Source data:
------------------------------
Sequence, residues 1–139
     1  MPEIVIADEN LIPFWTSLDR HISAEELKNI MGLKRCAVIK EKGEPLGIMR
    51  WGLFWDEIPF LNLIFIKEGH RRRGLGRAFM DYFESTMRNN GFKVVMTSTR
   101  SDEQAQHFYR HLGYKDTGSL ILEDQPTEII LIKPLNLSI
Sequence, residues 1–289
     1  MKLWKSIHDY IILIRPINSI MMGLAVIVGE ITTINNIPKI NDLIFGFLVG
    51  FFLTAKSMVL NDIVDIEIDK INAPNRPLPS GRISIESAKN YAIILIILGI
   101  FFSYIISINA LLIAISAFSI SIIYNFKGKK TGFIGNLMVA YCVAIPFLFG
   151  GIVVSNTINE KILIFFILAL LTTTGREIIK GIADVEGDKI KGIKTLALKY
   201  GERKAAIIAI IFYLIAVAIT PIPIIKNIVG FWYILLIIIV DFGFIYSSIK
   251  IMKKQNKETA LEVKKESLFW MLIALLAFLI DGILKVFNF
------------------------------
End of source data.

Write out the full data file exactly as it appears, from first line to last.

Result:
Sequence, residues 1–139
     1  MPEIVIADEN LIPFWTSLDR HISAEELKNI MGLKRCAVIK EKGEPLGIMR
    51  WGLFWDEIPF LNLIFIKEGH RRRGLGRAFM DYFESTMRNN GFKVVMTSTR
   101  SDEQAQHFYR HLGYKDTGSL ILEDQPTEII LIKPLNLSI
Sequence, residues 1–289
     1  MKLWKSIHDY IILIRPINSI MMGLAVIVGE ITTINNIPKI NDLIFGFLVG
    51  FFLTAKSMVL NDIVDIEIDK INAPNRPLPS GRISIESAKN YAIILIILGI
   101  FFSYIISINA LLIAISAFSI SIIYNFKGKK TGFIGNLMVA YCVAIPFLFG
   151  GIVVSNTINE KILIFFILAL LTTTGREIIK GIADVEGDKI KGIKTLALKY
   201  GERKAAIIAI IFYLIAVAIT PIPIIKNIVG FWYILLIIIV DFGFIYSSIK
   251  IMKKQNKETA LEVKKESLFW MLIALLAFLI DGILKVFNF